Intracellular Compartments and Protein Sorting: Part 1 Flashcards Preview

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Flashcards in Intracellular Compartments and Protein Sorting: Part 1 Deck (35):
1

What is an organelle?

a subcellular compartment or large macromolecular complex, often membrane-enclosed, that has a distinct structure, composition and function

2

What kind of ER do the liver and pancreatic cell need?

liver- needs more smooth ER to break down toxic components (detoxify)
pancreatic-needs more rough ER to make secretory proteins

3

What two components are exchanged between intracellular compartments?

lipids and proteins (dynamic; change over time)

4

What are five main components of the endomembrane system?

1. endosome
2. peroxisome
3. lysosome
4. Golgi apparatus
5. ER

5

What are the two different pathways in the endomembrane system called? Describe them.

1. Biosynthetic/Secretory pathways:
a)biosynthesis: proteins and lipids made in the ER delivered to the membranes of other organelles
b)secretion: secreted proteins; contents move OUT of cell (exocytosis)

2. Endocytic pathway: contents move INTO cell (endocytosis)

6

During exocytosis, vesicle contents are delivered to ______ ______. The vesicle membrane becomes part of the _____ ______

extracellular space
plasma membrane

7

During endocytosis, the PM forms a _____ _____. The vesicle luminal contents come from ______ _____

vesicle membrane
extracellular space

8

What is the function of a vesicle? Give an example

to transport components back and forth in the endomembrane system
ex. from the ER to Golgi

9

What are the two compartments involved in vesicular transport?

1. donor compartment
2. target compartment

10

mRNA arrives in the _____ and translation start on the _____ in the cytosol

cytoplasm
ribosomes

11

What is a cytosolic protein?

it is translated in the cytosol; no sorting signal (has a default location)

12

Mitochondria and chloroplasts have their own _____ and ____ BUT most proteins are ____-____

genome, ribosomes
nuclear-encoded

13

Where are proteins translated in mitochondria and chloroplasts? and what are they targeted by?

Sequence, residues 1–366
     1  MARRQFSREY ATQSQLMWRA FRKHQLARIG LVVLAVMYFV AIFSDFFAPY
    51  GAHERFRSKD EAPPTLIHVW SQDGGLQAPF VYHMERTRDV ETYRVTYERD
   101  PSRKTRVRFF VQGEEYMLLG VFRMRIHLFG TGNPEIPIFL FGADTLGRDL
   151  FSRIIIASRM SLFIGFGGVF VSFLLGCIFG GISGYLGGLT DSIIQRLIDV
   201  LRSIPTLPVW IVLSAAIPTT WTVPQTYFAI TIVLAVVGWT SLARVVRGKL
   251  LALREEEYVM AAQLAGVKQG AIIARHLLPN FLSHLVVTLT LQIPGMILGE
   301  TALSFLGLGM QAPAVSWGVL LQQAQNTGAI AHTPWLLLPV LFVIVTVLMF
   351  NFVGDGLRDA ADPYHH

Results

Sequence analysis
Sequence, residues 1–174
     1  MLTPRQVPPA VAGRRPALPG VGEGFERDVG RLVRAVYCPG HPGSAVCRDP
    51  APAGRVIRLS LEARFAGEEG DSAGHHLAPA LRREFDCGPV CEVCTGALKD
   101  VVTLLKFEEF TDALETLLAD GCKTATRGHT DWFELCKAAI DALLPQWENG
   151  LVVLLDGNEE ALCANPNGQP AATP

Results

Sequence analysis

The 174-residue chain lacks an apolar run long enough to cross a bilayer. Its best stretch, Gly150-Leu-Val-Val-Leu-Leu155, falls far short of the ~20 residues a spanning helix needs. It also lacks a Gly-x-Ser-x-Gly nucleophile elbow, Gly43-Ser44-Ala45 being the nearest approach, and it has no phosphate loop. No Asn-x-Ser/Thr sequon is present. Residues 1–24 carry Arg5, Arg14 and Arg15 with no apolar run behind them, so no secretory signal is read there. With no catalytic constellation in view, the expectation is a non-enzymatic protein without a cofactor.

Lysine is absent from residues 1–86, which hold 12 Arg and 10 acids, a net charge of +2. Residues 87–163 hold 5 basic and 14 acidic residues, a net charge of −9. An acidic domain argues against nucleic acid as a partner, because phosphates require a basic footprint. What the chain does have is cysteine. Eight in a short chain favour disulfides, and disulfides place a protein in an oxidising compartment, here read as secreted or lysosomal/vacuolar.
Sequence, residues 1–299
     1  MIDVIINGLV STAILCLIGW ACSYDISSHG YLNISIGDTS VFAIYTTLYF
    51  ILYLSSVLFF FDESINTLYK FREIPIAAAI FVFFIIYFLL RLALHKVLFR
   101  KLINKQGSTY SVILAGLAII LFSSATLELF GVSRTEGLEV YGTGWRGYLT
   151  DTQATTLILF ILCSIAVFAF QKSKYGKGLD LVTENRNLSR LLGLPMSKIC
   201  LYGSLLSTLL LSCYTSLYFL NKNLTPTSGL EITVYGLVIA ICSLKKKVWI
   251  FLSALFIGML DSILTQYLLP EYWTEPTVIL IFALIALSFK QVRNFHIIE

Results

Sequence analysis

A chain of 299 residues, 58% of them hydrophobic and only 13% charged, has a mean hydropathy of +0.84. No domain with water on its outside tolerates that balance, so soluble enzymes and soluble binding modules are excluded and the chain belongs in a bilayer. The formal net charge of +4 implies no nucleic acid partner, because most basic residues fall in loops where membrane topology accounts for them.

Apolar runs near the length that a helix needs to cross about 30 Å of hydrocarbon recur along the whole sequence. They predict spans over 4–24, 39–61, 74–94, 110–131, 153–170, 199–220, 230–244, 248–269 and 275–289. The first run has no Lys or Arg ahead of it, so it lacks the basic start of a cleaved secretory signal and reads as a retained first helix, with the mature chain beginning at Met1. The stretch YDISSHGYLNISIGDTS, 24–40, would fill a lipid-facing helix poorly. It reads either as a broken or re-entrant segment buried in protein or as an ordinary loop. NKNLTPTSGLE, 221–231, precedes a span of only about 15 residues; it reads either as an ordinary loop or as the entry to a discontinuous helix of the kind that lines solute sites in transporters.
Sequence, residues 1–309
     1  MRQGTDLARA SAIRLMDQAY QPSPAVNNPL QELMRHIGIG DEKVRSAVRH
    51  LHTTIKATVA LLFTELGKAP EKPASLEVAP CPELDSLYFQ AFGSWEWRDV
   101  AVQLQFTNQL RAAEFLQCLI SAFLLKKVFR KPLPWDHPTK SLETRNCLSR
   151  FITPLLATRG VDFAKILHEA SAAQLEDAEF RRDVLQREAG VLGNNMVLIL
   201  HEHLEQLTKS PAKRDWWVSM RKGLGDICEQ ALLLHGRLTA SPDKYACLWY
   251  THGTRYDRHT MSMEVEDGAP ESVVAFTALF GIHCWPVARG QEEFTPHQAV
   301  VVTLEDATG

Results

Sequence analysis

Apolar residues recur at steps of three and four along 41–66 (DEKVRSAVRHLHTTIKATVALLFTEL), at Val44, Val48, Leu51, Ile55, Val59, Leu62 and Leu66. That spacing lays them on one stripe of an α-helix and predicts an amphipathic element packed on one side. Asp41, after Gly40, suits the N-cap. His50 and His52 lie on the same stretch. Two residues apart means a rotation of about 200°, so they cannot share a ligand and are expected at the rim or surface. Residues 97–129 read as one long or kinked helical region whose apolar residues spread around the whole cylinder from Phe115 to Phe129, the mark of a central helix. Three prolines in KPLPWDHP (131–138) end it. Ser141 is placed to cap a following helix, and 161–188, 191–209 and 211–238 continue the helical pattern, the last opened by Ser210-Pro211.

translated in the cytosol
targeted by a signal sequence

14

How do proteins remain in the cytosol?

-remain unfolded in the cytosol by association with hsp70 chaperones

15

What happens to protein while translation is still occurring?

-insertion of protein into the ER starts (co-translational translocation)

16

Describe the cleavage of signal peptide?

-signal sequence on growing polypeptide chain
-signal peptidase binds to translocator which is attached to the ribosomal subunits
-signal peptide is cleaved and released from the translocator
-mature polypeptide chain stays in the ER lumen

17

What do pancreatic cells make a lot of?

-make a lot of secreted proteins

18

What is the pulse-chase experiment?

-a technique in which the cells are provided with a short "pulse" of radioactive AA
-then there is a chase after the AA as they are incorporated into proteins

19

Proteins move from ____ --> _____--> _____.
What is the chase time for each?

RER (3 mins) --> Golgi apparatus (20 mins) --> secretory vesicles (120 mins)

20

What are the two secretory pathways?

1. constitutive pathway: continual production of secreted proteins (e.g. collagen)
2. regulated pathway: proteins are stored in secretory granules ready for export in response to a stimulus (e.g. neurotransmitter)

21

What are the 3 types of protein sorting mechanisms?

1. Gated: proteins move between the cytosol and nucleus through nuclear pore complexes (NPCs)
2. Transmembrane: protein translocators needed to transport specific proteins across a membrane
3. Vesicular: membrane-enclosed transport vesicles ferry proteins from one compartment to another

22

What is a signal sequence?

-a stretch of the AA sequence of a protein that directs the protein to the correct location in the cell

23

What do specific signal sequences direct proteins to? (different components in a cell)

nucleus, mitochondria, ER, peroxisomes, etc.

24

What are signal sequences recognized by?

sorting receptors that take proteins to their destination

25

Where are signal sequences often found on a protein? Where does it direct the protein to?

N-terminus end (amino-terminal end)
ER

26

______ ______ can remove the signal sequence from the protein

signal peptidase

27

Signal sequences can also be _____ _____ of AA which remain part of the protein.

internal stretches

28

Where does translation start?

cytosolic ribosomes

29

Is the signal sequence hydrophilic or hydrophobic?

hydrophobic

30

Protein is inserted through a membrane by a ____ _____

protein translocator

31

The signal sequence is ______, left behind in the _____ membrane, secreted protein ends up in the ER _____.

cleaved
ER
lumen

32

Secreted protein moves in transport vesicles via the ______ ______

secretory pathway

33

Secreted protein is released by ________ at the PM

exocytosis

34

What determines the orientation of a protein?

NH2 signal sequence

35

Hydrophilic or hydrophobic?
1. carboxy end
2. stop/start-transfer peptide binding site

1.hydrophilic
2.hydrophobic